Wednesday, April 24, 2013

Spring Greens

Springtime Afternoon, pastel, 8x10

Although many artists love the idea of painting the fresh bursts of springtime color, I find spring to be the most difficult season to paint. I think the vibrant greens of spring are the most challenging shades of green to paint. Conveying the vibrancy without the resorting to the "fake, storybook" shade of green can be a tricky, fine line. And rendering the tiny buds on trees and bushes without painting too much detail presents yet another challenge.

As with any landscape, I find that balancing the warms and cools within the local color helps to convey colors to the viewer's eye that are truer to the colors that actually exist in nature, rather than simply using the local color that we're conditioned to believe should be there. How the light hits all of these colors will affect the warm and cool hues.

Summer greens tend to have deeper, richer greens, whereas spring greens often have a variety of colors as they're in transition from their winter state. The foliage on the trees also is generally lighter in value than summer trees, since the foliage is still somewhat sparse, allowing more sky to peek through.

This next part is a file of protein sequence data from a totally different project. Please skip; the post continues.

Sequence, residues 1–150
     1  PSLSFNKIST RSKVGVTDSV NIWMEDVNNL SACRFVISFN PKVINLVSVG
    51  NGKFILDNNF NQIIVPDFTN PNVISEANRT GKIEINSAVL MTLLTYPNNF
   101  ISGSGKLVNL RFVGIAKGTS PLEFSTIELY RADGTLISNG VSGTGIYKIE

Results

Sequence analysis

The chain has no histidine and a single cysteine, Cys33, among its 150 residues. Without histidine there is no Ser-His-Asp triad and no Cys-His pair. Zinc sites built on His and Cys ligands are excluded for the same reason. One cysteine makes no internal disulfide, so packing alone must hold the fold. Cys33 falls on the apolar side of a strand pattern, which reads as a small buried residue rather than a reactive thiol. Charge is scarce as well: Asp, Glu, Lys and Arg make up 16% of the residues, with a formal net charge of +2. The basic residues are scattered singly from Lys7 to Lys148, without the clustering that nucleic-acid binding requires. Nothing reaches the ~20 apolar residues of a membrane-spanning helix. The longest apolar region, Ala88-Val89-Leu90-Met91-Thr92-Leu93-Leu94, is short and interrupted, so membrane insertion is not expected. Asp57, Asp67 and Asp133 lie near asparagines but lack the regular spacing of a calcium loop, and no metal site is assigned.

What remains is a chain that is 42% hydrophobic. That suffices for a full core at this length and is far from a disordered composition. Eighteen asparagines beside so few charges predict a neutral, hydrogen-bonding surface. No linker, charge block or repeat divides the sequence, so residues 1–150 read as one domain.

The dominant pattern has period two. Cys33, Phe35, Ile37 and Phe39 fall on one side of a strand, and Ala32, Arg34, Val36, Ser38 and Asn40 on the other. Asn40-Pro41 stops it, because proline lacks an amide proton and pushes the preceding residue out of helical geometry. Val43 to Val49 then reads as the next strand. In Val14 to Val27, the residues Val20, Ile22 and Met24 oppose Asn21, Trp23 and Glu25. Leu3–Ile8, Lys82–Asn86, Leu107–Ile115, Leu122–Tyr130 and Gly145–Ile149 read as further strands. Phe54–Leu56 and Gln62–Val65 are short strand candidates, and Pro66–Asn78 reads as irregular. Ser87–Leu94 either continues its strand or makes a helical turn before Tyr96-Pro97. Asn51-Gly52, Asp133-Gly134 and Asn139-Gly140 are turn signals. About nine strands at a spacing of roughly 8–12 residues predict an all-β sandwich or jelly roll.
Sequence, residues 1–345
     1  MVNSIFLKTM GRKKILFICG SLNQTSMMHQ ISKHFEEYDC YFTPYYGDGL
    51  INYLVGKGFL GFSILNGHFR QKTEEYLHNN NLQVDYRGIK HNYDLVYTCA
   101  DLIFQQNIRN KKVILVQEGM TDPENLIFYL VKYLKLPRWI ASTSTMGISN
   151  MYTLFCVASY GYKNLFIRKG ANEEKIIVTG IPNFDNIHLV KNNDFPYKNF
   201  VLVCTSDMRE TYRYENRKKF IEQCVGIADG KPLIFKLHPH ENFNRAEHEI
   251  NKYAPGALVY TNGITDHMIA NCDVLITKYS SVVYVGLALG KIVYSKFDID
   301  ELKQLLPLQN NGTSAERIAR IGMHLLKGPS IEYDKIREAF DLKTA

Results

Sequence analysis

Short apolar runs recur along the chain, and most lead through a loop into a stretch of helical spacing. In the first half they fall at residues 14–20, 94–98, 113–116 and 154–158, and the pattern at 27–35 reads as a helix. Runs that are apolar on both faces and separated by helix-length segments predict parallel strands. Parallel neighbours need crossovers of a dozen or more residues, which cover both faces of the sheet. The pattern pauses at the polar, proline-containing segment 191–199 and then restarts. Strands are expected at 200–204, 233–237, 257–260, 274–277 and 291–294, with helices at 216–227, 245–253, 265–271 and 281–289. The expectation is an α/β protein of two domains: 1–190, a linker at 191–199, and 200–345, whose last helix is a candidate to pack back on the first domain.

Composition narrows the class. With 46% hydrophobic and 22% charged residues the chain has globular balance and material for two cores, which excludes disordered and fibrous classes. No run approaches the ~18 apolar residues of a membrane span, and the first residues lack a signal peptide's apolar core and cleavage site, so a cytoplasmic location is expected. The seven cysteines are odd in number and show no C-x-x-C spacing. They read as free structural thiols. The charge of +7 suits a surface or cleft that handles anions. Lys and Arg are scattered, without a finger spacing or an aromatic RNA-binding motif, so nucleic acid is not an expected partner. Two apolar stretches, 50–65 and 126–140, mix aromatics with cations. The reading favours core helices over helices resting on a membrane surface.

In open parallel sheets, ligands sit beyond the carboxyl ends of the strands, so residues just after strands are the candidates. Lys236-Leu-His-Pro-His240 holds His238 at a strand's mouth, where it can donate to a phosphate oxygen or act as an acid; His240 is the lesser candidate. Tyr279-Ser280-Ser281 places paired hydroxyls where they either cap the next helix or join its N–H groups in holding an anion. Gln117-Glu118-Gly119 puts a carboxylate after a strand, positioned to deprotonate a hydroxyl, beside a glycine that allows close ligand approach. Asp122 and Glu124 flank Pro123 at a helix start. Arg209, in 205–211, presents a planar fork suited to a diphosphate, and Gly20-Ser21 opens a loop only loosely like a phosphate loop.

Below are a few progression shots from my demonstration of "Springtime Afternoon."


  1. I like your explanation and demo and intend to ponder these thoughts and hopefully translate them into action.

    1. Thanks, Sarah...and yes, you're right, nothing beats putting the thoughts into action!

  2. Muy interesante Bárbara, gracias por compartirlo.
    Me parece ver naranja en el cielo ¿ Es así?. Creo que voy a poner en práctica tus consejos.

    1. Thanks, Olga! Yes, there's orange in the the blue some nice contrast. Since the liquid underpainting dries, flat, it doesn't "muddy up" the blue that's layered overtop.